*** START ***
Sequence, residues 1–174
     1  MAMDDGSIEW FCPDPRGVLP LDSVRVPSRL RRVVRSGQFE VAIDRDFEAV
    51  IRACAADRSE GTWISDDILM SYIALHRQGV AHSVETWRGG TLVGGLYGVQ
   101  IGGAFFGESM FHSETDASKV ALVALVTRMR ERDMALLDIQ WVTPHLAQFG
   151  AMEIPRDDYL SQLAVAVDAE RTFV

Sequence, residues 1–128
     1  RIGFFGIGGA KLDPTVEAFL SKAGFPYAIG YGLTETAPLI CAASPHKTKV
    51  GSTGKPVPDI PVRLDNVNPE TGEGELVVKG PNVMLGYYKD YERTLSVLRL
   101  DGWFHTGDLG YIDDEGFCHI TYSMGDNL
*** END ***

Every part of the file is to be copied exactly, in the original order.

Sequence, residues 1–174
     1  MAMDDGSIEW FCPDPRGVLP LDSVRVPSRL RRVVRSGQFE VAIDRDFEAV
    51  IRACAADRSE GTWISDDILM SYIALHRQGV AHSVETWRGG TLVGGLYGVQ
   101  IGGAFFGESM FHSETDASKV ALVALVTRMR ERDMALLDIQ WVTPHLAQFG
   151  AMEIPRDDYL SQLAVAVDAE RTFV

Sequence, residues 1–128
     1  RIGFFGIGGA KLDPTVEAFL SKAGFPYAIG YGLTETAPLI CAASPHKTKV
    51  GSTGKPVPDI PVRLDNVNPE TGEGELVVKG PNVMLGYYKD YERTLSVLRL
   101  DGWFHTGDLG YIDDEGFCHI TYSMGDNL